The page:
DIY sub questions

Discussion in 'Archived Threads 2001-2004' started by Jon_R, Feb 1, 2001.

  1. Jon_R

    Jon_R Stunt Coordinator

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    This is laughable, honest. I have a dual voice coil sub in excellent condition that needs a home. However, its made be the finest producers of speakers, Radio Shack. [​IMG] I did not buy this speaker, It was given to me (thankfully) about 4 years ago. My setup is low end polk audio, r10, cs175, junk surround on a de445 sony amp. I will soon have the r40s most likely, they will replace r10 for main and send the r10 to surround. My question is this: Is a DIY sub cost efficient or is it really just for a fine tuned HT of a more expensive nature? If i don't go w/ a DIY sub, its looking like the sony sa-wm40 is likely.
    Thanks
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  2. Robert Silge

    Robert Silge Agent

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    I made my DIY sub before my main speakers even had a name on them (they were collge kid generic pawn shop style). Clearly that ain't finely tuned HT. But being a broke college kid, DIY was the most cost effective route. It is FAR cheaper than buying a comparable sub. Of course the axiom holds true... time is money. If you have an excess of one, make a DIY sub. If you have an excess of the other, buy an SVS or something.
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    -Rob
    "People demand freedom of speech to make up for the freedom of thought which they avoid."
    --Soren Kierkegaard
     
  3. Jeff Rosz

    Jeff Rosz Second Unit

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    well lets see,
    imho, building a sub is the way to get the best bang for the buck to add to your HT. it will tie all your other equipment together and bring a realism to movies you didnt even know was there. need proof, try listening to U-571 without and then with a sub. even if it is a rat shack driver, what did it cost you?, nada. a sheet of mdf is about $15 and an amp to drive it is about $100-150...and that's for a pretty good amp that can be used if you decide to upgrade to a better driver later. the latest flyer from PE has a 150 watt or so amp for $89. at one time i had speakers from 4 different manufacturers in my HT at the same time...polk, def tech, solid, and B&W. far from a finely tuned HT. since then (and about 2K mis-spent dollars) i have worked my way up to a set of B&W Nautilus. even at that level, i cant bring myself to buy a sub from a dealer..DIY, for me, is the way.
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    *why build one when you can build two for twice the price*
    jeff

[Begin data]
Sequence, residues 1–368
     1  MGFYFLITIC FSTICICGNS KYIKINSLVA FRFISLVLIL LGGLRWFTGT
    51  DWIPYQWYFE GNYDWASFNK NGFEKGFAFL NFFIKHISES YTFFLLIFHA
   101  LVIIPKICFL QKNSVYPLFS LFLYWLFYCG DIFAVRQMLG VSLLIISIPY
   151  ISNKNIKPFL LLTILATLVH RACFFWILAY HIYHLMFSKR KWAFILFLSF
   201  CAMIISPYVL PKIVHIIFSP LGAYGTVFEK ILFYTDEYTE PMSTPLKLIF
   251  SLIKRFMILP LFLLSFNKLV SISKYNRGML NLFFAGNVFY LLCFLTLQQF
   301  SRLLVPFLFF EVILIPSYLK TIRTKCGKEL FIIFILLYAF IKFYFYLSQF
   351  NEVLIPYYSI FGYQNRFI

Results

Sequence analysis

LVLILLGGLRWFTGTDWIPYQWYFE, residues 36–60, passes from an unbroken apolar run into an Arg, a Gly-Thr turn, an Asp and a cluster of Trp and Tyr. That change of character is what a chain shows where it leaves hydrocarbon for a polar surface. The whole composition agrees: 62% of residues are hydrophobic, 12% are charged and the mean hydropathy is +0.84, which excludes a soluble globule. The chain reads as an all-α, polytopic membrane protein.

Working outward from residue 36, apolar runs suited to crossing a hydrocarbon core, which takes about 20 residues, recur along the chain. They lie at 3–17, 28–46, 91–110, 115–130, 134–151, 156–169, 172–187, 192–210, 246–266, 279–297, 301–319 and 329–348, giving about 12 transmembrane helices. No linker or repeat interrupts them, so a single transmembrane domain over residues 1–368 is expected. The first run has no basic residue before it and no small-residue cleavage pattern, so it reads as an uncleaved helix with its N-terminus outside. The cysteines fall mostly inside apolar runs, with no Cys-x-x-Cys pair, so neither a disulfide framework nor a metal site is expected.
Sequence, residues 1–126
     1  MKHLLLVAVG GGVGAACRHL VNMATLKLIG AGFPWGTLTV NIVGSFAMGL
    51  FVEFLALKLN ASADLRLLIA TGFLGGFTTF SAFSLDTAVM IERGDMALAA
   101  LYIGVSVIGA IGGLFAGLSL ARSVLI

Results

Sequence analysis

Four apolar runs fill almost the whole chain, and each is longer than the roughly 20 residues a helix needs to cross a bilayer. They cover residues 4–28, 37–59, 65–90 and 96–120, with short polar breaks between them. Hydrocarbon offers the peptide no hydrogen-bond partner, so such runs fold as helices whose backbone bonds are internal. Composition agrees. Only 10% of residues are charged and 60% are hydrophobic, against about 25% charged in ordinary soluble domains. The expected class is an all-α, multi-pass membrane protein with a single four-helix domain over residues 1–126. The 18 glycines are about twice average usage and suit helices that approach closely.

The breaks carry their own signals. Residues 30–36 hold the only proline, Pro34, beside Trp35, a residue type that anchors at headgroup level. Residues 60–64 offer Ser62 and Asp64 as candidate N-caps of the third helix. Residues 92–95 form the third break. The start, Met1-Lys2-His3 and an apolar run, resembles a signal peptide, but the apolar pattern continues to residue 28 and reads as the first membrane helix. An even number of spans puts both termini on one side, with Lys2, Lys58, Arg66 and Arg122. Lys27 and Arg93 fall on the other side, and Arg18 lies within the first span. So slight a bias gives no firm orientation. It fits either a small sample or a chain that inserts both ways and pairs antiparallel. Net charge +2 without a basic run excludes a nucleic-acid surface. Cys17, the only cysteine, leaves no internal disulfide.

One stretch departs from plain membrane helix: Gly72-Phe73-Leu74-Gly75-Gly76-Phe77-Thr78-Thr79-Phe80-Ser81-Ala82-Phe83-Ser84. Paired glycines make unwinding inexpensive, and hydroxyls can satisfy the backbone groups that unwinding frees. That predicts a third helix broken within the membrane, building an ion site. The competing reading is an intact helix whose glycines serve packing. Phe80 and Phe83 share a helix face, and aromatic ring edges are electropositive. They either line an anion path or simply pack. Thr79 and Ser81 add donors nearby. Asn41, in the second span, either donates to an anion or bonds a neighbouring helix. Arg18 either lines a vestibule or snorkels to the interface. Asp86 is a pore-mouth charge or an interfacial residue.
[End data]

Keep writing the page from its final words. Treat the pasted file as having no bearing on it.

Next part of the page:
4. Rick Steverson

    Rick Steverson Auditioning

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    Any system could sound most impressive with a subwoofer. I think most of us believe it's cost effective when we start the DIY approach with a single driver/plate amp design. Wiht a possible average cost of $300-400 for a Shiva/plate amp design, you can find cheaper subs, but they are not in the same league of these DIY projects. Those that go the multiple drivers/mega-watt amps for state of the art design still talk cost effective, even as some question their sanity [​IMG]
    Jon, you can use the DIY approach with what you have to control your cash. If you use the Radio Shack driver, build a cabinet/sonotube and buy an plate amp, you get a sub with only the investment of maybe $50-100 for materials for the cabinet or sonotube and $100-200 for a plate. Later, you could upgrade to a Shiva or some long-excursion driver for another $120, reuse the amp and possibly reuse or rebuild the enclosure, and get the extra bass that Radio Shack's driver doesn't have.
     
  5. Patrick Sun

    Patrick Sun Studio Mogul

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    I think it's important to rein in one's expectations when orphan parts are used in DIY projects.
    You need find out how much performance you can squeeze out of the components and evaluate whether it would be worthwhile to pursue DIY designs/projects.
    Now if you are in position to totally spec out a design and have the financial resources to make it happen, I think DIY can produce great results for less money it would cost to obtain comparable results with retail products.
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    PatCave ; HT Pix ; Gear ; Sunosub I + III ; DVDs ; LDs
     

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